Survival of the fittest, I suppose. By the end of the game I had realized that at the end of the day you kill humans more than infected that felt like at least a rate of three to one – once again showing that creators of the zombie apocalypse genre have little faith in mankind as they are always the biggest threat. Along these same lines, when you are slaughtering what is mostly known for the group countering the big bad government – mankind’s last hope, the Fireflies, it is all sorts of shades of grey. Not 50, but several.
The best part was the ending. When Joel straight up lies to Ellie it does create a happy yet flawed ending, mired in darkness. Yes, Ellie will get to be a kid again – learn to swim (thank god), grow up, have friendships and companions in a town with gold old fashioned electricity. Yes, Joel gets to be a father figure again and finally care for and protect a daughter that he failed at before – and which has tortured him ever since. Sadly the entire scenario is mired in an untruth and that may continue to tear Joel apart, and you can guess how Ellie would react if she ever learned the truth. That will forever be over their heads as they try to live out a meaningful, safe and happy life.
I hope they don’t do a sequel. I can’t see how they can make it any better, or improve upon where they left off.
It was enjoyable to play Joel and Ellie because they were so flawed in so many ways. In games like Dragon Age you get to choose your responses – be nice, be a jerk, romance, etc. In The Last of Us you control the actions of the “heroes” through the on-rails experience but never control their attitude and that was fine by me. I do enjoy the option to shape the main character after me but the entire experience would have been tarnished if you could play nice and caring Joel.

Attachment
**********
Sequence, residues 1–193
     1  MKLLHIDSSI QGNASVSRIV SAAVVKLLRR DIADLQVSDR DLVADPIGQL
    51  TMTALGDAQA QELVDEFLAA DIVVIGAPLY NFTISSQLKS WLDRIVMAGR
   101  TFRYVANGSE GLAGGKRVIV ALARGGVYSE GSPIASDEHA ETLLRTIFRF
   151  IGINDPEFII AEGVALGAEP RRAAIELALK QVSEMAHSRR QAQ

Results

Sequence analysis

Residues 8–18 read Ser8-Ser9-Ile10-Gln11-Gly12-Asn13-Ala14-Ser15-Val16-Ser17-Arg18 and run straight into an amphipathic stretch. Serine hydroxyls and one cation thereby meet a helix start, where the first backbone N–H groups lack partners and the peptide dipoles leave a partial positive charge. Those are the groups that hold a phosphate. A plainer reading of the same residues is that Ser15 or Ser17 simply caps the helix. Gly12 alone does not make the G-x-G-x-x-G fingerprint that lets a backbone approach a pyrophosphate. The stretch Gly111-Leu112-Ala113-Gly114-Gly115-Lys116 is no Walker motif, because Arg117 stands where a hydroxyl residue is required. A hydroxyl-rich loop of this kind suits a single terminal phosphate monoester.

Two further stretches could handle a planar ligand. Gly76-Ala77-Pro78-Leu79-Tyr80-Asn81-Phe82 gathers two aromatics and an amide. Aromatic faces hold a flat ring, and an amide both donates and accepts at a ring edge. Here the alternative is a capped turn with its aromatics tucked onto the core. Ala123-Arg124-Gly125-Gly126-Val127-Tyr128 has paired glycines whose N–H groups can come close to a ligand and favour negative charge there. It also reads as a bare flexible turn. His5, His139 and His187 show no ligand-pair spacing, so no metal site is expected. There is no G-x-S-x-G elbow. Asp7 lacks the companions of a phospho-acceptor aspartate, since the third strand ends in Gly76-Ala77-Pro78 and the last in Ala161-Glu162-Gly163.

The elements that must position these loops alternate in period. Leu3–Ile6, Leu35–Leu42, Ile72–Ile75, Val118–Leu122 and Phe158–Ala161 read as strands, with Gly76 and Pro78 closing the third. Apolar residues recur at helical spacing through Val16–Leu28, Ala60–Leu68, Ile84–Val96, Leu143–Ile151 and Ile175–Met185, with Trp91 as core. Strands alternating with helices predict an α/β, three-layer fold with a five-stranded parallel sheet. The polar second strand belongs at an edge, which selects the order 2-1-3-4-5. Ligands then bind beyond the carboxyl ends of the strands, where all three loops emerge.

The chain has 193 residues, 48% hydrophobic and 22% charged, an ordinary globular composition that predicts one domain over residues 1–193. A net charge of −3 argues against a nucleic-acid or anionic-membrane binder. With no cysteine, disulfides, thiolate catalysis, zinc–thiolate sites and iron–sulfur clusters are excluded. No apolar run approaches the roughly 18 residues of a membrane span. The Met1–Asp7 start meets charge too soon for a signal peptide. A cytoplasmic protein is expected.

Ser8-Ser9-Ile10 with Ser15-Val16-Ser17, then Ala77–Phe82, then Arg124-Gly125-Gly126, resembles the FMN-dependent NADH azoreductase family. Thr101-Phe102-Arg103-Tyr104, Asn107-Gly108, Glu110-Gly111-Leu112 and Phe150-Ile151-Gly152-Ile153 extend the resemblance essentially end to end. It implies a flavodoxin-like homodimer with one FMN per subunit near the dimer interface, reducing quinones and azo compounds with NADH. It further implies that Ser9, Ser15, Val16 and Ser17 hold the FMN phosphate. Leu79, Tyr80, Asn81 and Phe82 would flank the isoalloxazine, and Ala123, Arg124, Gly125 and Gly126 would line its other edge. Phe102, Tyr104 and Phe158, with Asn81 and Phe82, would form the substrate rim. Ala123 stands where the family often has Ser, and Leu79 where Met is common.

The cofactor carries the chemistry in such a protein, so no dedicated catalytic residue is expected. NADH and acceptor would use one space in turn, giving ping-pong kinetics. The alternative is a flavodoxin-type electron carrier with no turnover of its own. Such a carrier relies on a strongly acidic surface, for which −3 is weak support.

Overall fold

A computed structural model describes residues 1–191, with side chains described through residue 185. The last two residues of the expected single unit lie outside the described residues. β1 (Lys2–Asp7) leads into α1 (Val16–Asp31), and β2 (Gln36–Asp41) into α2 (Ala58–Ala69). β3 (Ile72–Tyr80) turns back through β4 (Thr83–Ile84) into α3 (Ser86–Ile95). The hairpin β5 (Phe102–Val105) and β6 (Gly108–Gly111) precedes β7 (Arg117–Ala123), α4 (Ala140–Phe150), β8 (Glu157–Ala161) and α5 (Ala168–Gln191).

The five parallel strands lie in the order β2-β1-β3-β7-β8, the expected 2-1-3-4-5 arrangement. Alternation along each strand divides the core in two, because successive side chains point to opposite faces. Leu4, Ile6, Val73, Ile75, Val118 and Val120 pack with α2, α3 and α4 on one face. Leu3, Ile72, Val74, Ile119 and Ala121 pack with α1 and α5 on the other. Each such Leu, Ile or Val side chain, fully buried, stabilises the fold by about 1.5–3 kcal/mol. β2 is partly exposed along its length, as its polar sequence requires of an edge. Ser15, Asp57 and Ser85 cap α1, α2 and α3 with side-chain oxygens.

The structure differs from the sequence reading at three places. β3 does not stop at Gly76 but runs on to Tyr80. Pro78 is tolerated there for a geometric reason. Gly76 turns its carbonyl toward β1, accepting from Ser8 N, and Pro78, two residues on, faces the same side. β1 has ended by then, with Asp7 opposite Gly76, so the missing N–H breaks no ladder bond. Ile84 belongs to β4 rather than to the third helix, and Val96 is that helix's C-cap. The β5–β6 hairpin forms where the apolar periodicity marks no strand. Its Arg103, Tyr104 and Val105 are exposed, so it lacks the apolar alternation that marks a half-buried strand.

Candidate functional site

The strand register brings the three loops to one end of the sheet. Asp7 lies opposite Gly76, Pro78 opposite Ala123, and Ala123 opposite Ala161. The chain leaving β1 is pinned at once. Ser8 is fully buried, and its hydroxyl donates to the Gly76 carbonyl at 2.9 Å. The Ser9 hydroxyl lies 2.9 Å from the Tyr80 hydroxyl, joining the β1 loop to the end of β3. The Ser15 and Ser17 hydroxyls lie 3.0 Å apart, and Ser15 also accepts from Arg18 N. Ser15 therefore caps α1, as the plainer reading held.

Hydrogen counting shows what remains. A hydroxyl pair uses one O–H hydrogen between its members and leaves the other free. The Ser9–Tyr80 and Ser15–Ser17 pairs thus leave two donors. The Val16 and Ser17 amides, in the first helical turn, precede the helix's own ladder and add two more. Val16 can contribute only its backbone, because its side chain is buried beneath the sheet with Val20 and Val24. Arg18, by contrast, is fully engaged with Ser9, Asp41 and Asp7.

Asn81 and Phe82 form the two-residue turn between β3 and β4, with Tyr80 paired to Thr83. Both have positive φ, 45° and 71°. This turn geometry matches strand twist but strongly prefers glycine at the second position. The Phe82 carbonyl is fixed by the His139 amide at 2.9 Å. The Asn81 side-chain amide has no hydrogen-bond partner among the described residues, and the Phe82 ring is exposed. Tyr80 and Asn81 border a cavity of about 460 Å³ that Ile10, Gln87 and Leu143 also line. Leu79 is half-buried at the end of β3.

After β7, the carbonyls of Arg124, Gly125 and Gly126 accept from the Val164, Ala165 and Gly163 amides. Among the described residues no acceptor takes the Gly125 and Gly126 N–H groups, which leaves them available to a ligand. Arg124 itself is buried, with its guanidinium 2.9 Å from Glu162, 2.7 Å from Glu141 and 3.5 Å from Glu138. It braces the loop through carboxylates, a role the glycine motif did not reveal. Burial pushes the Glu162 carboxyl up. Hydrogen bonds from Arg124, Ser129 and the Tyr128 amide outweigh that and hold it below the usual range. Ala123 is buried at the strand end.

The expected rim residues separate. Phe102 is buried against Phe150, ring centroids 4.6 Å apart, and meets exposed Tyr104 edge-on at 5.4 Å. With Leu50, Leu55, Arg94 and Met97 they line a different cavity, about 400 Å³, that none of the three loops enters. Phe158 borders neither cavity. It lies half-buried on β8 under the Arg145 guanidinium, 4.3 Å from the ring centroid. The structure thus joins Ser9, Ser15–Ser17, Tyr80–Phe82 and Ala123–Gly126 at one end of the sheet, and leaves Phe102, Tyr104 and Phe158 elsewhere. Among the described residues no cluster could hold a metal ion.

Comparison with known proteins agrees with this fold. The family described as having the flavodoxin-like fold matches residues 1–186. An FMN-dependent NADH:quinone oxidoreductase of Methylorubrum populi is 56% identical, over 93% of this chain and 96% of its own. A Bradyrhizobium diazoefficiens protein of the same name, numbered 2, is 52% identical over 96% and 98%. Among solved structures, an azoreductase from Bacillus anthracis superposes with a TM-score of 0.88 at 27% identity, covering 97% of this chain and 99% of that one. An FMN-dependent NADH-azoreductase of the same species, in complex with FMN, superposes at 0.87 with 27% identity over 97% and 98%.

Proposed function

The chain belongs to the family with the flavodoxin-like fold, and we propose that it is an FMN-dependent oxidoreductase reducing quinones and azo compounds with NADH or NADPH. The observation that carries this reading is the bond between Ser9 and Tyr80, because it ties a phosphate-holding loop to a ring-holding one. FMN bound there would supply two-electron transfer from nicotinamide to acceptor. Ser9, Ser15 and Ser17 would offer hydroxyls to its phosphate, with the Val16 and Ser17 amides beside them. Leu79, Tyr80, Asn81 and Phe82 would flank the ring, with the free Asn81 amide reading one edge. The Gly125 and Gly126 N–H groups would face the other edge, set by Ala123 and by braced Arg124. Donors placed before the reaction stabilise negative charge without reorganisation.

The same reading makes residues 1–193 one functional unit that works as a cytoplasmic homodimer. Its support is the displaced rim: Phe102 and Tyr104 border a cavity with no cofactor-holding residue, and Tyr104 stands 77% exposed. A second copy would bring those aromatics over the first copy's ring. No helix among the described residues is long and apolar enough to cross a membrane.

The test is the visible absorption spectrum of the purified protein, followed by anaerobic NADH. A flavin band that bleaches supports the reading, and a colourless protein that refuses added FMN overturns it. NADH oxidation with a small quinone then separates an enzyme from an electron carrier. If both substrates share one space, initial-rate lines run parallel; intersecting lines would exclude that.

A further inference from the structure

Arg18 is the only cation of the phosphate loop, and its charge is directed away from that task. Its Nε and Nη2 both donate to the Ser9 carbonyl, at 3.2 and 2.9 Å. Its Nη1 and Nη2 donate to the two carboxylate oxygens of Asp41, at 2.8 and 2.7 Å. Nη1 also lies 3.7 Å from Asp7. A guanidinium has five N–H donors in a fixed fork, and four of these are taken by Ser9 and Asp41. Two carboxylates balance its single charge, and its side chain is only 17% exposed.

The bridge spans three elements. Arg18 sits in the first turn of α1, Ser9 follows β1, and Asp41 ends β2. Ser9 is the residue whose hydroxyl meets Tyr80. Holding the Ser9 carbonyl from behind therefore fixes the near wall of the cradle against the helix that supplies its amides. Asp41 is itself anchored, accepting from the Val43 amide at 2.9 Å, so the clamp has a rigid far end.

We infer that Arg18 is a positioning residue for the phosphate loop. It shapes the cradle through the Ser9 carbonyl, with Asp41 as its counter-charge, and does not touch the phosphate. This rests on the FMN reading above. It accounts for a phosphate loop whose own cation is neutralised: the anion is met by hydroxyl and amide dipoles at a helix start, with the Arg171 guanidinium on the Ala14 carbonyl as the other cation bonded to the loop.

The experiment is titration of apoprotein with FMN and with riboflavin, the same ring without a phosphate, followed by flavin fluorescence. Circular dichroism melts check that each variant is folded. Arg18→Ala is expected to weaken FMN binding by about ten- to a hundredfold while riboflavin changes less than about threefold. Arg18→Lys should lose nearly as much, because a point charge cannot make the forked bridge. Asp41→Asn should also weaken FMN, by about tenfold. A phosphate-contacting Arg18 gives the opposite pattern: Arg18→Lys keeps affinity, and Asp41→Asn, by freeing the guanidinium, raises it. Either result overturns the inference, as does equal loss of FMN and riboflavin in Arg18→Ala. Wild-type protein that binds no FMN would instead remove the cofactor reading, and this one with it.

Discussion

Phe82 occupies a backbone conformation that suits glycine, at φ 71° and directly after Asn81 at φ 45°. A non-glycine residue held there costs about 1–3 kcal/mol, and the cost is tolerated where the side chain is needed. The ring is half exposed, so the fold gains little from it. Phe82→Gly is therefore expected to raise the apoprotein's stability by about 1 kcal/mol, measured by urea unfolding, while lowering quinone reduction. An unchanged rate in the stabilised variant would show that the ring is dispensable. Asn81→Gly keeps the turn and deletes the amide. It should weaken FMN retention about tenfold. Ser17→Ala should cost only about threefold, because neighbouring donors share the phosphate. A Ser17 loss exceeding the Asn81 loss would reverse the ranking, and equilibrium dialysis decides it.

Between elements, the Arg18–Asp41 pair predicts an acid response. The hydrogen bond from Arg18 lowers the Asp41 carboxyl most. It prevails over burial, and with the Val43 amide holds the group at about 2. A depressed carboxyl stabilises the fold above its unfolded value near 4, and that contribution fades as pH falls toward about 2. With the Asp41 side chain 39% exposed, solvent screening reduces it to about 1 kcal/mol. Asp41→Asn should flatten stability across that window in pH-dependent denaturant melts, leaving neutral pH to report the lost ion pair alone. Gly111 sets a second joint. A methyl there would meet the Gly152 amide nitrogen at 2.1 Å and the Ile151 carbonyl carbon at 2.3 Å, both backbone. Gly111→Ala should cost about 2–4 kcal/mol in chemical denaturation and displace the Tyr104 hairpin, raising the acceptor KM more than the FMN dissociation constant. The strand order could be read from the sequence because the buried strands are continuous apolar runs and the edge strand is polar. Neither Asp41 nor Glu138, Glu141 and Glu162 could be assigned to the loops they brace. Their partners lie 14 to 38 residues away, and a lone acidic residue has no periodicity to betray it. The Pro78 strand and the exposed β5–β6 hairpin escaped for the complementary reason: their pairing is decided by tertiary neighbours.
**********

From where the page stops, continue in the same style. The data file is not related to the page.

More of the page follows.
I actually sat through the credits as they rolled, semi-stunned at the ending, trying to make sense of it all – not the game choices itself, but how it made me feel and I have to praise Naughty Dog here for the writing and ending. Praise because I did feel – I felt for the characters, the setting, the game and the outcome. Not many titles do that for me and usually positive feelings are that of accomplishment for doing something great or just winning the game. Not so here, I was sad the experience was over. The shame here is that it is a PlayStation exclusive because I highly recommend this game.
The ending was really brave. Hollywood would have never let a movie end that way and it was proof that sometimes things don’t need to be resolved – the human race doesn’t need to be triumphant, no cure is found, and happily ever after isn’t that clear cut. It is based on lies and settling and a whole helping of “real life” insomuch that real life includes the infected downfall of civilization as we know it.